Aired 7 months ago 4:00
w. e Discussed on E&C's Pod of Awesomeness
E&C's Pod of Awesomeness
From the news
Aired 1 year ago 2:02
Larry Magid: Presidential Alert
Did you hear a loud noise coming from your cell phone today? That was FEMA testing out its new Presidential Alert. KCBS Radio Technology Analyst Larry Magid explains how the new alert system will be used in future scenarios.
Aired 5 months ago 11:47
#A142 (altogether to aluminize)
I read from altogether to aluminize. firstname.lastname@example.org://www.facebook.com/thedictionarypod/https://twitter.com/dictionarypodhttps://www.patreon.com/spejampar917-727-5757
Aired 10 months ago 1:42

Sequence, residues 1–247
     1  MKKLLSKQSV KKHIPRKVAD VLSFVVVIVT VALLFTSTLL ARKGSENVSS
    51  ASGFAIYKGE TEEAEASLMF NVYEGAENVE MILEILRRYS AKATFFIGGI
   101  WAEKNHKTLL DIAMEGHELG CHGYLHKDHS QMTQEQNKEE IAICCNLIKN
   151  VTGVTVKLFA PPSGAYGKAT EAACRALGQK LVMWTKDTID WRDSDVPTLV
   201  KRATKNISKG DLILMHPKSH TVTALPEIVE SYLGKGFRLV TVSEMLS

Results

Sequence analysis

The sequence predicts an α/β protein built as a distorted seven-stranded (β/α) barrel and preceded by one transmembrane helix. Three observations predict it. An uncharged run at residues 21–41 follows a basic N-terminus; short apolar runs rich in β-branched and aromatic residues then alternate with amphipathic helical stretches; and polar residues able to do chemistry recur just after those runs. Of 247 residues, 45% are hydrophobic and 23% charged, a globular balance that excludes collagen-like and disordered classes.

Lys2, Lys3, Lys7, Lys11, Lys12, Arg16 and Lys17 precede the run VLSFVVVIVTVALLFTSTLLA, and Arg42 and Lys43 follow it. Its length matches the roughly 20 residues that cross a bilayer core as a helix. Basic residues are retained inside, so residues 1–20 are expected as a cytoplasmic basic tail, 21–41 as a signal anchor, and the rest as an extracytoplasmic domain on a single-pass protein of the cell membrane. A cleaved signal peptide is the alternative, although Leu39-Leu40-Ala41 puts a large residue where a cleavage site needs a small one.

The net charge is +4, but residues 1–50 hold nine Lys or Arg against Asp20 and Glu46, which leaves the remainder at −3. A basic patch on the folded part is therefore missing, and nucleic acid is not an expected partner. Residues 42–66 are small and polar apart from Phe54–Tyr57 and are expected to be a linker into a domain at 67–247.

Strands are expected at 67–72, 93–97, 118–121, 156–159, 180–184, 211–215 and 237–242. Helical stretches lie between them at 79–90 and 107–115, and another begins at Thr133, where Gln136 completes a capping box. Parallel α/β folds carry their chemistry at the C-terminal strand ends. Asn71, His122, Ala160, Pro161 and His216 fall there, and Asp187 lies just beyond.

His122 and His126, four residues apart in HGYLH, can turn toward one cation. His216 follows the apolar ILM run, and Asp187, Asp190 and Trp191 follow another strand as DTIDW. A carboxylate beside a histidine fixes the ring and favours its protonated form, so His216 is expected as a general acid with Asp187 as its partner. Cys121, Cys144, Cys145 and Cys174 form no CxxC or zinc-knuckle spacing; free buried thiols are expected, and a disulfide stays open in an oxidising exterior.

Merriam-Webster's Word of the Day for January 20, 2019 is: wherewithal \WAIR-wih-thawl\ noun : means or resources for purchasing or doing something; specifically : financial resources : money Examples: If I had the wherewithal, I'd buy that empty lot next door and put in a garden. "Typically, when a person makes more money and has more savings, they add credit such as signing up for a new card or taking on a car loan. That's because they're confident they have the financial wherewithal to pay back the debt." â€” Janna Herron, USA Today, 5 Dec. 2018 Did you know? Wherewithal has been with us in one form or another since the 16th century. It comes from our still-familiar word where, and withal, a Middle English combination of with and all, meaning "with." Wherewithal has been used as a conjunction meaning "with or by means of which" and as a pronoun meaning "that with or by which." These days, however, it is almost always used as a noun referring to the means or resourcesâ€”especially financial resourcesâ€”one has at one's disposal.